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Nebraskans desperately need property tax relief. Over the past ten years property valuations on agricultural land have increased 252 percent statewide and taxes have increased 162 percent. Meanwhile, valuations on residential properties have increased 40-50 percent. The State of Nebraska currently ranks as the seventh worst state in the nation for property taxes. But, as bad as these state rankings seem, they do not accurately reflect the kind of desperation that so many Nebraskans feel once their property tax bill becomes due. The fact of the matter is that our State is on a trajectory which it can no longer sustain.
Last year my bill (LB829) was criticized because I offered no way to pay for the $1.2 billion in property tax relief mandated by the bill. In response to this, let me assert that any property tax relief bill which proposes a way to “pay for it” without making cuts in the State’s budget amounts to nothing more than a tax shift. What these critics fear more than anything else is making cuts to the State’s biennial budget. Moreover, any bill which identifies a way to “pay for it” by making specific budgetary cuts automatically picks a fight with that particular group, and nothing scares these critics more than a fight.
The fact of the matter is that State legislators will never make any significant budgetary cuts until they are forced to do so. Cutting any budgetary item amounts to political suicide for these kinds of weak politicians. Therefore, the only way to get the kind of property tax relief we need is to mandate property tax relief and force the Legislature to decide later where to make the necessary budget cuts.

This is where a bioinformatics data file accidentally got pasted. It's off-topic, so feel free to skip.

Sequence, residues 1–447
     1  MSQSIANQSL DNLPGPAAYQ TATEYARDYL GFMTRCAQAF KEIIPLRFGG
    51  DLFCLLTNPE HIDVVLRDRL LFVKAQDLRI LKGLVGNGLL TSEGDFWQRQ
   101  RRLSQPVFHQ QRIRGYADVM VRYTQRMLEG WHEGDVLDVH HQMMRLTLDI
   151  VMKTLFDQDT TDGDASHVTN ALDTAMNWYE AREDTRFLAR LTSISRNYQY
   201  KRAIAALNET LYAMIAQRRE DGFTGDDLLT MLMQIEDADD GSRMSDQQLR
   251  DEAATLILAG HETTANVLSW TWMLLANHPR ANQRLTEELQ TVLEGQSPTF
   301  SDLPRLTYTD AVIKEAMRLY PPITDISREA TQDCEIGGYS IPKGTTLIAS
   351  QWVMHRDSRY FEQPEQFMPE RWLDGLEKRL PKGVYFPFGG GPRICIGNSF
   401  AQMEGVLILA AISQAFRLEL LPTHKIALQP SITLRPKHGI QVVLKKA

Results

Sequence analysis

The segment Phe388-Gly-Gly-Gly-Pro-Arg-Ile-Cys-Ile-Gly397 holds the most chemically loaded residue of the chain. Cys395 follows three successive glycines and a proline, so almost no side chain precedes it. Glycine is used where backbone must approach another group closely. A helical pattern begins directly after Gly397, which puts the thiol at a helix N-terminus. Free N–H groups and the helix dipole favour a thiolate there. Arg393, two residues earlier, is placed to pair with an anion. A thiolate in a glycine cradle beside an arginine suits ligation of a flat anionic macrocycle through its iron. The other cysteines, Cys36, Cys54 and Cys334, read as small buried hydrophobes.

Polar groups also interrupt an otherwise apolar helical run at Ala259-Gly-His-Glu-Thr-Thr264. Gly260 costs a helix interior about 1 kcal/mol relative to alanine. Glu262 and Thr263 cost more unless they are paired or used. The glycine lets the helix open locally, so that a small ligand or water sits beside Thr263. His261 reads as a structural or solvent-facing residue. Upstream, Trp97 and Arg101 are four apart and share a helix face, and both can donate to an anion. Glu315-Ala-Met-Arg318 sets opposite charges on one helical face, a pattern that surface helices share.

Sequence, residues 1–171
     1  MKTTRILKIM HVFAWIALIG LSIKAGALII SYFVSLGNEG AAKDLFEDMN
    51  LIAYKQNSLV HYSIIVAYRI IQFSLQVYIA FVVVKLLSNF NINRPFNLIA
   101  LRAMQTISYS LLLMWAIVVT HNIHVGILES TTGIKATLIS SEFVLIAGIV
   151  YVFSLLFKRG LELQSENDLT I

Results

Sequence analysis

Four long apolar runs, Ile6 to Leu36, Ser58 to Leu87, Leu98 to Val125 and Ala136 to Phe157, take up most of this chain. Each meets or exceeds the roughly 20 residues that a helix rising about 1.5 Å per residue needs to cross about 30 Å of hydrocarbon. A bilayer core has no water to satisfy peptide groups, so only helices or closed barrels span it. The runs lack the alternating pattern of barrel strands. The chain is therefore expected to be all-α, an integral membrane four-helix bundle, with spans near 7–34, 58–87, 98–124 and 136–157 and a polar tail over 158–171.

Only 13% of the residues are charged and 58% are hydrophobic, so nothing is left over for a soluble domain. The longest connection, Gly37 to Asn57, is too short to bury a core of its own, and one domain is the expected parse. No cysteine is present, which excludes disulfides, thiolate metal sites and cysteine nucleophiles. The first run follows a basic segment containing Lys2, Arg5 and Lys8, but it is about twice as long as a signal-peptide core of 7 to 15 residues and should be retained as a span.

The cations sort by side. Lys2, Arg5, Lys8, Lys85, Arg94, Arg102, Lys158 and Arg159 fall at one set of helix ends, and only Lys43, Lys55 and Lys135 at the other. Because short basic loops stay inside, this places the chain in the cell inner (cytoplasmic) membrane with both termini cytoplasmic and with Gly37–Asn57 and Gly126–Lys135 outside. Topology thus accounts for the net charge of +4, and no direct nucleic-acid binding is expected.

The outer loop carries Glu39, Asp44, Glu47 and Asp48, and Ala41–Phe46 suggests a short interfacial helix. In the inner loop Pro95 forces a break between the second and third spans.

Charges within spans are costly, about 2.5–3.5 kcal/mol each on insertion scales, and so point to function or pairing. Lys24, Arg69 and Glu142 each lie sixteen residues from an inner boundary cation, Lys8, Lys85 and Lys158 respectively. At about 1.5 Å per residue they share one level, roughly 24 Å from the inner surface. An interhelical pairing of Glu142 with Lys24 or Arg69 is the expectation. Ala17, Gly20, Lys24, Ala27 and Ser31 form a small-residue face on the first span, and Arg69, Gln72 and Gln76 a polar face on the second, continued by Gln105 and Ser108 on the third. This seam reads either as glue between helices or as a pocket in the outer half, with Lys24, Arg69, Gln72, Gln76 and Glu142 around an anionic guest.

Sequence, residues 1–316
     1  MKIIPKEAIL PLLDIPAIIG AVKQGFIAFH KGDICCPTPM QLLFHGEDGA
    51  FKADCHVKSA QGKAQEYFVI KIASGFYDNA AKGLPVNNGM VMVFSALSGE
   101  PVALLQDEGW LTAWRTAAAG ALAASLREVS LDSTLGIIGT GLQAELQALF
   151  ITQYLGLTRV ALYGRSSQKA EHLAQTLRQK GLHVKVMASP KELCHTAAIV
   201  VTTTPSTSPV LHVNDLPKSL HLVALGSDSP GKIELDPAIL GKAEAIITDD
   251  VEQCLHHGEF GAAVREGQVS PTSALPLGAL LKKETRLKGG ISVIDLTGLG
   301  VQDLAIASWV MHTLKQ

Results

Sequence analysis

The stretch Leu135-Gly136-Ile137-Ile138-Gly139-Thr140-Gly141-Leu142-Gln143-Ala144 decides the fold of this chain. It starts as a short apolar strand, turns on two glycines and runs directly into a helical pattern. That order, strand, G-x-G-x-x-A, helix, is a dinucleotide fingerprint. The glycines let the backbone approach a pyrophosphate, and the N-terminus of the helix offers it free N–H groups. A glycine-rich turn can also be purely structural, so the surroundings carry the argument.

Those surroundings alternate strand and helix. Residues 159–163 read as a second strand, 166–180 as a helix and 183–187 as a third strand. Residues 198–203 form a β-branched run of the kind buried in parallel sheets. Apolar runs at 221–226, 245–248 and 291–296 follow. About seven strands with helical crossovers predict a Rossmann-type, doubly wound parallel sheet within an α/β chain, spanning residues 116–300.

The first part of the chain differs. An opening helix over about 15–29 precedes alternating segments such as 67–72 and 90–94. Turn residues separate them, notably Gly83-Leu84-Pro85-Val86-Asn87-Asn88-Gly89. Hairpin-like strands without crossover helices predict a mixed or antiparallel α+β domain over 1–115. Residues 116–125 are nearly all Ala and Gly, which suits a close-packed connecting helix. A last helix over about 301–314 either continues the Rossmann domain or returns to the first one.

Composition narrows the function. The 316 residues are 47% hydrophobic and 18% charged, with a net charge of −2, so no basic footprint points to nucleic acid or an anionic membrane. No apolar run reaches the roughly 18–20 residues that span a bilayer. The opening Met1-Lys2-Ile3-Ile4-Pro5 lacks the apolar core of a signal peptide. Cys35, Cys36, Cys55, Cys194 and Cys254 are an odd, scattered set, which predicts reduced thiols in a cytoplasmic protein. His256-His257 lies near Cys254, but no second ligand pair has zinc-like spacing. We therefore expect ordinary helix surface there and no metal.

To help you see this, consider what the Legislature did in 2016 to the property tax cash credit fund. The property tax cash credit fund was established in 2007 as a way to divert revenue from the State’s General Fund towards property tax relief. LB958 was passed in 2016 and shifted $20 million more from the General Fund to the property tax cash credit fund, increasing the State’s contribution to $224 million. But, when State revenues fell short that year, the Legislature decided to make property owners pay for it. Despite the mandate of LB958 to increase the State’s contribution to $224 million, they only increased it to $221 million. Instead of cutting other budgetary items to pay for the mandate of LB958, State legislators found it easier to transfer the burden onto the taxpayer by cutting their relief.
Politicians without backbone will continue to stand in the way of giving you the property tax relief you need. For instance, Governor Ricketts has refused to endorse any bill providing taxpayers with substantive property tax relief, and Bob Krist never introduced a bill for property tax relief during his nine year tenure in the Nebraska Legislature. Last year Sen. Jim Smith of Papillion, who served as chairman of the Revenue Committee, along with the other members of the Revenue Committee, refused to advance my property tax relief bill (LB829) out of committee, and Reform for Nebraska’s Future, led by former Lincoln City Councilman, Trent Fellers, suddenly ended the petition drive to put the same measure on the November ballot. These kinds of politicians only validate Benjamin Franklin’s old adage that, “…in this world nothing can be said to be certain, except death and taxes.”
But there is hope for the future. In January I will introduce a Constitutional Amendment to permit property owners to get a 35 percent credit or refund of their property tax bill when they go to file their State income taxes. The Revenue Committee will have a new chair next year, so there is a ray of hope of passing this through the Legislature. I am also pleased to announce that Nebraska Taxpayers for Freedom has begun a new petition drive to put this same Constitutional Amendment on the ballot for the 2020 election. Please be assured and know that property tax relief remains my highest priority in the Nebraska State Legislature.